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Awaji ALS criteria allows earlier diagnosis

NEW YORK (Reuters Health) – The Awaji criteria might be more useful than the well-established revised El Escorial criteria (rEEC) for diagnosing amyotrophic lateral sclerosis (ALS), according to a new meta-analysis.

In a report online August 13 in Archives of Neurology, researchers say “the Awaji criteria have a significant clinical impact allowing earlier diagnosis and clinical trial entry in ALS.”

What the Awaji ALS criteria basically add to the rEEC is fasciculation potentials as evidence of acute denervation in the presence of chronic neurogenic changes on needle electromyography, Dr. Joao Costa, of the University of Lisbon in Portugal and colleagues note.

Their analysis included eight studies comparing diagnostic accuracy with the two sets of criteria in nearly 1,200 patients with suspected ALS.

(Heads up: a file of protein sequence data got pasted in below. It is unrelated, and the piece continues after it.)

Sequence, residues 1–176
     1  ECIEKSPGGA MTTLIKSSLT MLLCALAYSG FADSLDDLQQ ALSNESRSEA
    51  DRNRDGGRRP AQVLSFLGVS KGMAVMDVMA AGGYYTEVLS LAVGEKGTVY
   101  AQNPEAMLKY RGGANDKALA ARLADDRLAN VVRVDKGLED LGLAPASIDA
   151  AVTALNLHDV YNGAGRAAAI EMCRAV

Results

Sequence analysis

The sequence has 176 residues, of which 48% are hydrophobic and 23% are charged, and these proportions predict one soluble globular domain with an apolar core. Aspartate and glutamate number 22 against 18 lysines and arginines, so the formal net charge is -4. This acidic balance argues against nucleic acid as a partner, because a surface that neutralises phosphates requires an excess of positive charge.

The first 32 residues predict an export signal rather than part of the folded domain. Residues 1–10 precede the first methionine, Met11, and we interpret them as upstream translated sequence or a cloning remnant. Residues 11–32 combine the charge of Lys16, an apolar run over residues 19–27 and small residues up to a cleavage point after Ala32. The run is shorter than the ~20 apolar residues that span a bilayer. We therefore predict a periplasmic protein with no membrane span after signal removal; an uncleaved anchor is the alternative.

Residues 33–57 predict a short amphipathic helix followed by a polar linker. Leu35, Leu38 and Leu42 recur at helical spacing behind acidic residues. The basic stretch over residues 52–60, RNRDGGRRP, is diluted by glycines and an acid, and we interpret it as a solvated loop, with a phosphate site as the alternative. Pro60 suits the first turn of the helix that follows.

Overall, application of the Awaji criteria led to a 23% increase in the proportion of patients classified as having probable or definite ALS. The diagnostic sensitivity for ALS was 81.1% with the Awaji criteria compared to 62.2% with the rEEC, yet there was no drop in specificity with the Awaji criteria.

The researchers stress that using the Awaji criteria instead of the rECC led to a 56% reduction in the number of patients who would fail to meet eligibility criteria to enter a clinical trial.

The diagnostic accuracy of the Awaji criteria was higher for bulbar- than limb-onset disease. According to Dr. Costa and colleagues, the diagnostic odds ratio “clearly supports the Awaji criteria, in particular in patients with bulbar-onset disease.”

“In patients with spinal-onset disease, in whom weak limb muscles usually present signs of ongoing denervation, the advantage of the Awaji criteria is less marked,” they add.

The researchers also note that a large European study that will further address the issue of accurate early diagnosis is in progress. “Meanwhile,” they say, “patients and physicians should benefit from using the Awaji algorithm added to the rEEC.”

The study did not receive commercial support and the authors have no relevant disclosures. They did not respond to a request for comment.

SOURCE: http://bit.ly/NtrgiL

Arch Neurol 2012.